As with the hill stations of the British Empire in India, altitude was ever a deeply sought-after sanctuary, the higher (and cooler), the better. God knows how long it took them to get up there in the 18th century, but then as now, the sense of being delivered into a promised land of temperate tranquillity is palpable. After 20 years embedding itself into music biz legend, while anyone who was anyone passed through – not least Bob Marley, who sought sanctuary there in 1976 after the attempt on his life – Blackwell remodelled Strawberry Hill into a hotel in 1994, following extensive damage from Hurricane Gilbert in 1988.

The overall style projection is white wood plantation shutters, with interconnecting balconies delivering a laid-back organic feel as they meld into the hillsides, all gently caressed by puffs of swirling white cloud. It’s a luxury hotel alright, but one that registers lightly on the glitz-ometer. Dubai it definitely ain’t! It’s more a high altitude perma-glamp-camp, embracing the scents and sounds of the natural world, whilst holding out the prospect of a little pampering. Or make that a lot of pampering.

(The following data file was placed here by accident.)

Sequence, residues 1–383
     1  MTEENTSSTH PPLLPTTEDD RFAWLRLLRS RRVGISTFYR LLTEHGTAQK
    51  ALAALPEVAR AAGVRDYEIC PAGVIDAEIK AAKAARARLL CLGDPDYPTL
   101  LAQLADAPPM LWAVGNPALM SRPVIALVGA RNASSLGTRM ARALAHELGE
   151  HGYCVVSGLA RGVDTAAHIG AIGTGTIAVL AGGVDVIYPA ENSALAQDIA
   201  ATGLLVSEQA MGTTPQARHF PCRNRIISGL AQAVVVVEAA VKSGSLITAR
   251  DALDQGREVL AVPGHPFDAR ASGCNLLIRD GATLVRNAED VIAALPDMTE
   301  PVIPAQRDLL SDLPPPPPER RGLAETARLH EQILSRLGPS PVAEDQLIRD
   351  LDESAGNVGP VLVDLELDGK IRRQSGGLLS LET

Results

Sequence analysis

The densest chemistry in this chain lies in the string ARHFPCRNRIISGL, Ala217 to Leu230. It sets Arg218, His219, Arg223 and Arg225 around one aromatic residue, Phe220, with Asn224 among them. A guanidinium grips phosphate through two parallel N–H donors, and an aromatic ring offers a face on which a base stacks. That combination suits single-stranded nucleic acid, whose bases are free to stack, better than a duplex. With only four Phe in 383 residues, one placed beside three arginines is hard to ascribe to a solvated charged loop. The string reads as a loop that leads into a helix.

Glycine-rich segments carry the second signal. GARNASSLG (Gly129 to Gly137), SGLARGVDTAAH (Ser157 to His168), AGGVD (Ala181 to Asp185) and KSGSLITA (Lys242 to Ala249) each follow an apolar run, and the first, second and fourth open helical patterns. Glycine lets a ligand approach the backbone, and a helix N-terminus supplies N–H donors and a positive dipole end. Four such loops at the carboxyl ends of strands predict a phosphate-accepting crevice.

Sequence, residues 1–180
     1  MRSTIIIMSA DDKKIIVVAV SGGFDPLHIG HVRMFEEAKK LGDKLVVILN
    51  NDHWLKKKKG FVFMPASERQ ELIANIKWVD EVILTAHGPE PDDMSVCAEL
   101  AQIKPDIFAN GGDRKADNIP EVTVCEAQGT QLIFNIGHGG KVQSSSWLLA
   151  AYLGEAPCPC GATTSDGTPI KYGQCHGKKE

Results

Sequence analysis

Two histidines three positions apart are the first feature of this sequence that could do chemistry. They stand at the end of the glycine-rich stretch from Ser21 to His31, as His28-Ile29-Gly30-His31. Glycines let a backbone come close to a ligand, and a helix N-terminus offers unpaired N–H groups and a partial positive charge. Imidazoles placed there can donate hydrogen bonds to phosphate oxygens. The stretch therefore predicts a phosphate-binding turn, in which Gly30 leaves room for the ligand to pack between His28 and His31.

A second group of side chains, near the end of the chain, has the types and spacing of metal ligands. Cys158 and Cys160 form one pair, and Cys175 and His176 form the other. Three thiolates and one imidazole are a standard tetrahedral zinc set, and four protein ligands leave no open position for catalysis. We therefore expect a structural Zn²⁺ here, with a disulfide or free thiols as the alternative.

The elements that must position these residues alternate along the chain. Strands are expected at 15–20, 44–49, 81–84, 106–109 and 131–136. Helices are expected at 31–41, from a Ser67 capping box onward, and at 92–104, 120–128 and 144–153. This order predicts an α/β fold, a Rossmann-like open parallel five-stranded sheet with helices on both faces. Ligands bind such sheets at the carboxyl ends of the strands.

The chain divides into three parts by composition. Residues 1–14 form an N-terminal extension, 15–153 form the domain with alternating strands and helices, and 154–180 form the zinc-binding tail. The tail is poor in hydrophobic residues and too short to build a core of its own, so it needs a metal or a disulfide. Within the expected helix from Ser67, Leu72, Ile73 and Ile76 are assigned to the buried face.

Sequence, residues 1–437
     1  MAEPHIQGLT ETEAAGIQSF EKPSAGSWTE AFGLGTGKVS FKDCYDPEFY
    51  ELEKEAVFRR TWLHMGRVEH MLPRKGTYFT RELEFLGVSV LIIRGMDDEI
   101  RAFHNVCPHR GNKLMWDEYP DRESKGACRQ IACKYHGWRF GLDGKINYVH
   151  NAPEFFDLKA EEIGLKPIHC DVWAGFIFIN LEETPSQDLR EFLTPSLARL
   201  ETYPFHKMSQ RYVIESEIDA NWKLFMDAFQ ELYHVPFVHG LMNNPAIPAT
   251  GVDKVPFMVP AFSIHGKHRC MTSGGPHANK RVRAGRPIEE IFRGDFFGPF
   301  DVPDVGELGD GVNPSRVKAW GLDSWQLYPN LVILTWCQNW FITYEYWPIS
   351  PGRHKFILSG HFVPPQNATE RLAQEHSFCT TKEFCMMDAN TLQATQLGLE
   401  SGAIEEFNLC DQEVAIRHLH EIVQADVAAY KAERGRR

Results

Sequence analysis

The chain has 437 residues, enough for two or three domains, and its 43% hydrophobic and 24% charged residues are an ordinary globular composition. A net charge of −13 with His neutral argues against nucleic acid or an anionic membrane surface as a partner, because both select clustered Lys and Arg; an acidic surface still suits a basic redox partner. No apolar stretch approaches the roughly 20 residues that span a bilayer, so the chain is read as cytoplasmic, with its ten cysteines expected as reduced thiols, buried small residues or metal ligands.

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Each of the cottages and villas deliver spectacular views over verdant, undulating coffee plantations or down onto Kingston and the curling spit of land jutting out into the Caribbean, at the tip of which lies the submerged remnants of the original settlement, Port Royal. Destroyed in minutes by the 1692 earthquake and subsequent tsunami, this dissolute pirate town, home to Blackbeard and Captain Morgan, had been one of the most significant, and also the most notorious, towns in the world.